ATMC View – September 2012
Duty of care trends making an impact on corporate travel
By Rob Dell, committee member,
the Association of Travel Management Companies
AUSTRALIA’S unique geographic position and the naturally gregarious nature of our people have resulted in us having one of the world’s highest per capita travel propensities.
In corporate travel, international long haul travel (flights over eight hours) is particularly strong when compared to the key European and North American markets where flights are often less than three hours and involve same day travel.
A typical business trip from Australia to emerging Asian markets might involve seven to 10 or more days of average duration and usually more than one destination.
This in turn provides duty of care challenges for employers as increasingly travellers are exploring less well known areas where local conditions vary considerably and communications are sometimes difficult or unavailable.
In the past travel to, for example, Mongolia was for the most part only for the most adventurous. But in today’s business travel environment, travel management companies (TMCs) are seeing increasing trends towards such destinations.
TMCs are constantly improving their systems and employee’s knowledge of these new destinations and expanding their networks in order to deliver on-the-ground customer assistance if it is required.
TMCs are providing very specific information about local conditions and guidance to customers on how to manage disruption to travel and unexpected events.
Corporate travel managers’ increasing focus on the duty of care for travelling employees is the result of the progressive strengthening of legislation in many markets, notably the UK, where there are heavy penalties for companies and individual directors who fail to ensure duty of care processes are in place.
The recent growth of low cost carriers in many regions coupled with strong “best fare of the day” policies have placed corporate travel managers in a difficult position where cost and the safety and financial integrity of the airline must be balanced with the responsibility of the employees’ safety.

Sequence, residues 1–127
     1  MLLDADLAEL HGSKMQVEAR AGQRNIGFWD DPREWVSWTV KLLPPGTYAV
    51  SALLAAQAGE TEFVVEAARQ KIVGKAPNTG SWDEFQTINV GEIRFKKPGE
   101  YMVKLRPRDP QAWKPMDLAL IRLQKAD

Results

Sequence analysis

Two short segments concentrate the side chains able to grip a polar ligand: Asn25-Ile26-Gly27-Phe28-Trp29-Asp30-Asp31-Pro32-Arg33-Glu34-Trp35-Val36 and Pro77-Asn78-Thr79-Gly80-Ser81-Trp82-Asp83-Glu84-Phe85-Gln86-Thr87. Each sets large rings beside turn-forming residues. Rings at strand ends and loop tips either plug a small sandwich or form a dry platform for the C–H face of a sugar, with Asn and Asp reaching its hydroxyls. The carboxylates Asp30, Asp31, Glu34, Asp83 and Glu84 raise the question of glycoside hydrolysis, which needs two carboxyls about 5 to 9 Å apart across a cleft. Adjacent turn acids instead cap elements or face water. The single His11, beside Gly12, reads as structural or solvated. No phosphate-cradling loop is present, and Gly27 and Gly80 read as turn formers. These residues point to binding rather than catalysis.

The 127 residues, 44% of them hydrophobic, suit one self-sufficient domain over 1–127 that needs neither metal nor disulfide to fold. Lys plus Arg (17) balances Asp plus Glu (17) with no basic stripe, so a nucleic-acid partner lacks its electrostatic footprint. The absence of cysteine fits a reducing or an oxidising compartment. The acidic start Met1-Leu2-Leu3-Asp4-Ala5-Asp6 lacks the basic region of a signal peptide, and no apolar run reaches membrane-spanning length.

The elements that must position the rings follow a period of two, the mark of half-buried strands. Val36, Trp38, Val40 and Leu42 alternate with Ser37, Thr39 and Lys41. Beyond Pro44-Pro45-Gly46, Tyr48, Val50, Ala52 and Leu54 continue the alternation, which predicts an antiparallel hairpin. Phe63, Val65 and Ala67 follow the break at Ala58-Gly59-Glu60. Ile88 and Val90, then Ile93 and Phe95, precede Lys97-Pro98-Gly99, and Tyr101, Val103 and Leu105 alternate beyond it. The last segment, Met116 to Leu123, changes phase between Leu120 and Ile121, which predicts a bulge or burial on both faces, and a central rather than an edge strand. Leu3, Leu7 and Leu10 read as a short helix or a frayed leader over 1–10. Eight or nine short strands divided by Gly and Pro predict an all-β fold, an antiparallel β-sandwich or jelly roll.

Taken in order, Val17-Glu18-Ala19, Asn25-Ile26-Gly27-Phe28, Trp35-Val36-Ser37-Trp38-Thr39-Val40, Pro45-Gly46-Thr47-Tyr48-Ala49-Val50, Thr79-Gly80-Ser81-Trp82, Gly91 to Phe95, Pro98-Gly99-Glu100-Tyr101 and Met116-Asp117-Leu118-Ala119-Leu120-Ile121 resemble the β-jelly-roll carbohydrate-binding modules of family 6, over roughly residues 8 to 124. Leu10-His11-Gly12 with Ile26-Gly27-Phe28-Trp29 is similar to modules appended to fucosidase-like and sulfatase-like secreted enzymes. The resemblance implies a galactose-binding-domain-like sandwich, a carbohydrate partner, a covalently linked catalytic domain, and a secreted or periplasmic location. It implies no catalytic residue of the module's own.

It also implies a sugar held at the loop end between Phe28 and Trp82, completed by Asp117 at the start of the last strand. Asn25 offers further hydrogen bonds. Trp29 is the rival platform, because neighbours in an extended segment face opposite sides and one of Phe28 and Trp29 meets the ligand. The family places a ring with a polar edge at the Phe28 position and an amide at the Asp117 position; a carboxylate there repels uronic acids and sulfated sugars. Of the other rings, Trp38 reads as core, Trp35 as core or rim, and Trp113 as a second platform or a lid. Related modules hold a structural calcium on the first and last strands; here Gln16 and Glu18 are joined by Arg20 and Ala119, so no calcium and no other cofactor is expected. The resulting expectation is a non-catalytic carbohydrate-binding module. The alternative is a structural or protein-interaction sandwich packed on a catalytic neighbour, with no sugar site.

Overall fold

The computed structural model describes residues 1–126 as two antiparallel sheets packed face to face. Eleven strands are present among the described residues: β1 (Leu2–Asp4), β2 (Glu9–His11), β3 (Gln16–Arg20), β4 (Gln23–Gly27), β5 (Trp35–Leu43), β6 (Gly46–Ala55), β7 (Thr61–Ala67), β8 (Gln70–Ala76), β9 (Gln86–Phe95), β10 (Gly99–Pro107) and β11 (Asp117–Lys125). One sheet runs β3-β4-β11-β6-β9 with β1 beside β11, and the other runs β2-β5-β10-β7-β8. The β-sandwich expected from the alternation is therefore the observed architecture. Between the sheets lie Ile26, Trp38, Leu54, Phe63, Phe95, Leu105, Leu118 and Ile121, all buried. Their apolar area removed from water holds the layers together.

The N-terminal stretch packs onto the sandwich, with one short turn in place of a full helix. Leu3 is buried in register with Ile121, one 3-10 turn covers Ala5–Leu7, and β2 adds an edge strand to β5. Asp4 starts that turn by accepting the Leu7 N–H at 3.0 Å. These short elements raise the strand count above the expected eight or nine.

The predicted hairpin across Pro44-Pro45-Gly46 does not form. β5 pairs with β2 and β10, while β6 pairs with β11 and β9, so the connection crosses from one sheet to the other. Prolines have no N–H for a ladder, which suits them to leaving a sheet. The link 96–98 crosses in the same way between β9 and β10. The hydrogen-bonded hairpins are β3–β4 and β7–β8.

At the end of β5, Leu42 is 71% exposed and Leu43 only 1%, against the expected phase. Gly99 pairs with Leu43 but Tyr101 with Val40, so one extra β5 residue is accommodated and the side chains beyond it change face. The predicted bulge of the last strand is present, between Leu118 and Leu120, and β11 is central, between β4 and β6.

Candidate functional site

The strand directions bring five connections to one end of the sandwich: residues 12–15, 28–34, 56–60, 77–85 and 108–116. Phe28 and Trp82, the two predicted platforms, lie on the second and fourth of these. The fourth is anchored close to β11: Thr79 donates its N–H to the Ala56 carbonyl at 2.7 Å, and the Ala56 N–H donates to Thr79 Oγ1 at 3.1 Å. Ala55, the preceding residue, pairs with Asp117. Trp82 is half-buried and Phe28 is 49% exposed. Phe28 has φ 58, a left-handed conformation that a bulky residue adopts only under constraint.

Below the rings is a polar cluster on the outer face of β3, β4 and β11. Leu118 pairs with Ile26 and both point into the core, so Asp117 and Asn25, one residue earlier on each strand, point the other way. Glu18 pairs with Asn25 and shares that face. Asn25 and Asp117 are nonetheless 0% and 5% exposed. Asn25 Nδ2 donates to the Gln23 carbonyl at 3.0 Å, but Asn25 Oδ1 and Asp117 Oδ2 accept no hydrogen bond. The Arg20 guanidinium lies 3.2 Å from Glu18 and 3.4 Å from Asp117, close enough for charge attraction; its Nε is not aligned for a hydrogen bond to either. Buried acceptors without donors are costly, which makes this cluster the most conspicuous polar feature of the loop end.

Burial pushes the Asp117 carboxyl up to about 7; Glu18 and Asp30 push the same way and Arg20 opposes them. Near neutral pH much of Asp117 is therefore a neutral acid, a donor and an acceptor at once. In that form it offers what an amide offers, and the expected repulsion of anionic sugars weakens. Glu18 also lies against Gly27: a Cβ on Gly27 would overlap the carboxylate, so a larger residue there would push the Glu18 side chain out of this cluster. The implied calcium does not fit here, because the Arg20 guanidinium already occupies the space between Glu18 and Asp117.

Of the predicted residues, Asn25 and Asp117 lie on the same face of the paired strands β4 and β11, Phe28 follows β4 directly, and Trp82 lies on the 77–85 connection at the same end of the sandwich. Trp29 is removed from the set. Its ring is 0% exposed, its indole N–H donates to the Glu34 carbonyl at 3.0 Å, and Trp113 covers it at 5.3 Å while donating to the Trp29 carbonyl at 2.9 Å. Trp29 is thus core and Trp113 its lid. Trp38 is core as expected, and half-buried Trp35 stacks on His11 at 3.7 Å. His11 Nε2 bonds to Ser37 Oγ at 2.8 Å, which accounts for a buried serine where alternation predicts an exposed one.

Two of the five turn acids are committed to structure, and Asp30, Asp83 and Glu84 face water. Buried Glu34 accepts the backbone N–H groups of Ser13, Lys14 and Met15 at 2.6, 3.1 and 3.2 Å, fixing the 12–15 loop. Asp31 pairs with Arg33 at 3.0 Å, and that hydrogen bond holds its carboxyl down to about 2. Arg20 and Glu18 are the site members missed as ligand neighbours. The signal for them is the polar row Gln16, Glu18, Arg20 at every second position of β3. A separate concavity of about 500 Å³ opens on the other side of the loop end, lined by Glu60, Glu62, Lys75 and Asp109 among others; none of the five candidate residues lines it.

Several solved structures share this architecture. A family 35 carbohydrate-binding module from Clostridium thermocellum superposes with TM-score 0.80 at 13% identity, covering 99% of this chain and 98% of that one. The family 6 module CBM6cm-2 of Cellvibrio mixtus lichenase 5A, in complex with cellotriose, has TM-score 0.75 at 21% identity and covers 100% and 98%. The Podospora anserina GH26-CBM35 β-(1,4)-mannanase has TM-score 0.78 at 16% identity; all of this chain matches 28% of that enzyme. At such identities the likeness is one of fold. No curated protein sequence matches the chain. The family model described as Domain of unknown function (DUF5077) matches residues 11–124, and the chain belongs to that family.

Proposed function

Not so very long ago several Australian business travellers were injured and one was killed in an air-
craft accident in Asia involving a low cost carrier, now out of business, high-lighting the need for greater caution.
Companies that do not mandate travel purchasing through TMCs, allowing employees to “do their own thing” run significant risks insofar as their duty of care is concerned.
An employee not following policy in the booking process will cost the employer more in the long run, will prevent the employer from understanding where they are, and put themselves at risk as a result.
It is also important for corporate travel managers to be aware of their organisations’ insurance policies in detail where they relate to travel. There have been several recent cases where an employee travelling internationally has fallen ill and has taken it upon themselves to re-book themselves to return home without consultation, incurring additional costs, sometimes very significant.
Many travellers and corporate travel managers may assume that because the credit card which is used to purchase travel has insurance as part of the offering, that this insurance is comprehensive. This is not the case, and it should not be assumed that specific travel insurance is not required.
TMCs strongly recommend a process of an annual audit of the entire duty of care approach within a company, including review of any specific traveller facing documentation and take the opportunity to refresh and re-distribute throughout the business.
ATMC View will appear quarterly.